Second, buy online. Brick-and-mortar places mark movies up too high. They're fair on new releases, but if you look at what Amazon wants for movies that are just a few years old (around $10) you can see how badly places like Best Buy and Walmart mark up their movies (although both are the best the first week a movie's out). There are places besides Amazon, but they're who I have an account with. I feel comfortable shopping with them, and they've always been good to me. Plus, their site is very fun to browse. In fact Amazon and Google are my two favorite online companies.

Third, save your coins. Use a mayonnaise jar or something. Not too big - ideally, I'd say, something around 1-2" wide and 4-5" tall. Ours is pictured below. Here's how I save mine: I put every quarter and every dime I get into the jar. I'll put some nickels in there, but I'll spend some, too. When purchasing items at the store, I only pay with paper cash and pennies (the occasional nickel) - or plastic. Like if the order is for $2.33, I'll put three pennies, a nickel, and then three ones in, and get 3 quarters back. When the jar is filled, I take it to the store, where they have a machine called Coinstar, at which most people pay 8.9¢ on the dollar for it to count their coins and give them a cash voucher. I pay no fee and instead get an gift code - a long alphanumeric code which Coinstar registers with Amazon for the exact value of my change. Look at the coin jar - that filled with 110 quarters, 122 dimes, 21 nickels, and 6 pennies (the Coinstar slip tells you exactly how many of each you had) got me $40.81. will ship for free on orders over $25. If I kept it under, I would have gotten four of those last five movies free, with shipping. But I went just $2.13 over, so that's all that I put on the card. Oh, and it only took me about 2-3 months to save that much. That's a movie every couple weeks - not bad if it were my only way of getting movies, but it isn't.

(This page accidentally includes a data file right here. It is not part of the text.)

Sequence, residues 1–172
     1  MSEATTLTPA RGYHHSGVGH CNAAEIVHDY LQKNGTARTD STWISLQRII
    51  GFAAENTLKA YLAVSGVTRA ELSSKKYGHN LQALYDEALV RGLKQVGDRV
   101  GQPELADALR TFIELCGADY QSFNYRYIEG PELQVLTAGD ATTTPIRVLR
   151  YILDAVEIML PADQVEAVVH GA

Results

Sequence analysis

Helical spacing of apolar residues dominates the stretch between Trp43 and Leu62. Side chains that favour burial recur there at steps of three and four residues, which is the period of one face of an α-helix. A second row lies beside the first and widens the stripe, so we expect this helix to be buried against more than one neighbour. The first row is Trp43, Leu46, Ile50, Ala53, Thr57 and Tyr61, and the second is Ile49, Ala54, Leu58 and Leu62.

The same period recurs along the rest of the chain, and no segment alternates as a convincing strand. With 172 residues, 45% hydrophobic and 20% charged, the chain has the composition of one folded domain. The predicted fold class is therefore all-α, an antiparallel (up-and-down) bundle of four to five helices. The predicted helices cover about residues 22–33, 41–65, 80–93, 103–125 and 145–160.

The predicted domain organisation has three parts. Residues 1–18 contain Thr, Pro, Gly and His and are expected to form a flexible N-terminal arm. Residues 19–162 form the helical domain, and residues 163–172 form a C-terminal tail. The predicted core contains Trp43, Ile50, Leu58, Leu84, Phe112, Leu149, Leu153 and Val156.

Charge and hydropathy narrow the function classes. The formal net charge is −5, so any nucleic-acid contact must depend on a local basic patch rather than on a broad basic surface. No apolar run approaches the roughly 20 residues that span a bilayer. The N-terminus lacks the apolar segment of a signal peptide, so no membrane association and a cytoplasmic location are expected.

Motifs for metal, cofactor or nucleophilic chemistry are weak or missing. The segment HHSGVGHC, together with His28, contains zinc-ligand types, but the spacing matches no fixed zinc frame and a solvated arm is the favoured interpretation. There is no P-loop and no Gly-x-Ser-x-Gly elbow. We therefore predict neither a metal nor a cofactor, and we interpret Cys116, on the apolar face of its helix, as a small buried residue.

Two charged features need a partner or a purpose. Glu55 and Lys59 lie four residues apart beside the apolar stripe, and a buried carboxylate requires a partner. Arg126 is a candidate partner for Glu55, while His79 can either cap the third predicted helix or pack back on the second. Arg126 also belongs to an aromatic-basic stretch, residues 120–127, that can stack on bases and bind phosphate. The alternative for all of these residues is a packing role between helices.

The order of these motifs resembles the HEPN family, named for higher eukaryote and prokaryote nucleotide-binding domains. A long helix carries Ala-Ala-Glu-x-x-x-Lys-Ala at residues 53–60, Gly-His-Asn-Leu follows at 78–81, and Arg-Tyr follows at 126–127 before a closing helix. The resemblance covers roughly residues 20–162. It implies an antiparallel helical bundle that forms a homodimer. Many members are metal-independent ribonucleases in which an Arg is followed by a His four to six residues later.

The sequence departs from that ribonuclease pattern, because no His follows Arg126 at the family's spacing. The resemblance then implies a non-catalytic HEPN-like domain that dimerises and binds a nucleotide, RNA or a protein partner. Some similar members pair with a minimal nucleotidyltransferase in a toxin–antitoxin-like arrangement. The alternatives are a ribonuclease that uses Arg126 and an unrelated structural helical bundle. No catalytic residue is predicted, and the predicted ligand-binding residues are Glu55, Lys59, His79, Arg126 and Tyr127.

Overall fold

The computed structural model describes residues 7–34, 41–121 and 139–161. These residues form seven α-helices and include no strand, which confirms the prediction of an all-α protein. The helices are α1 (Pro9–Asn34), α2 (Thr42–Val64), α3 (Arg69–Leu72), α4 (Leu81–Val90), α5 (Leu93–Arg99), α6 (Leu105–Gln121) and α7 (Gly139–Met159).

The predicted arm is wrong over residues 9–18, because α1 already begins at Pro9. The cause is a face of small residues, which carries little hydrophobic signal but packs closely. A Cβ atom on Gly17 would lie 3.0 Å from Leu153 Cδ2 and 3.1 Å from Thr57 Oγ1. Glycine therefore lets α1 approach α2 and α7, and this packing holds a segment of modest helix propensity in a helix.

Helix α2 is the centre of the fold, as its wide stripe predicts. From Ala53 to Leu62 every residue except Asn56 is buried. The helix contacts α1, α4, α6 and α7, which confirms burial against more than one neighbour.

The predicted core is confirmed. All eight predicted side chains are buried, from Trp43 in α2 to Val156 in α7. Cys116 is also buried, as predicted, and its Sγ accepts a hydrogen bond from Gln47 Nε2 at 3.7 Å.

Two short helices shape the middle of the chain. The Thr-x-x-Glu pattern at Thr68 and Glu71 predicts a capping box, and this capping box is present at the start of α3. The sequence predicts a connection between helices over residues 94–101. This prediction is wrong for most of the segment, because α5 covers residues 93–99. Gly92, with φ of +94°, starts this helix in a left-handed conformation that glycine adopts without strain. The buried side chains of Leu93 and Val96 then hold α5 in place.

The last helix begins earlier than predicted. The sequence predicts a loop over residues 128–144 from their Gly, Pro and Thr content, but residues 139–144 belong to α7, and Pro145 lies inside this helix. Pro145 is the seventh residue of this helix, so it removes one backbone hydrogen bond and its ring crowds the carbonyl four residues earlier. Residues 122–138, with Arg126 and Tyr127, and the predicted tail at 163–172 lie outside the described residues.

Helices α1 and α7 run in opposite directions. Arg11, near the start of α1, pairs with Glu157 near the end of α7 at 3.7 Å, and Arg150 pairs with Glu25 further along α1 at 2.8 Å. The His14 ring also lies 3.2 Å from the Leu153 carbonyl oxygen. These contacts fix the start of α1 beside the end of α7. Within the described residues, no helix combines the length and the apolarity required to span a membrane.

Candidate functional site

Our coin jar, to the right of the duct tape and to the left of the pez dispenser. I had to get Frank in there - the demonic bunny from Donnie Darko. So you can kind of see how big it was. That slam-packed with quarters and dimes was worth just under $41, just about enough to get me 5 movies on Click the image to see it full-sized.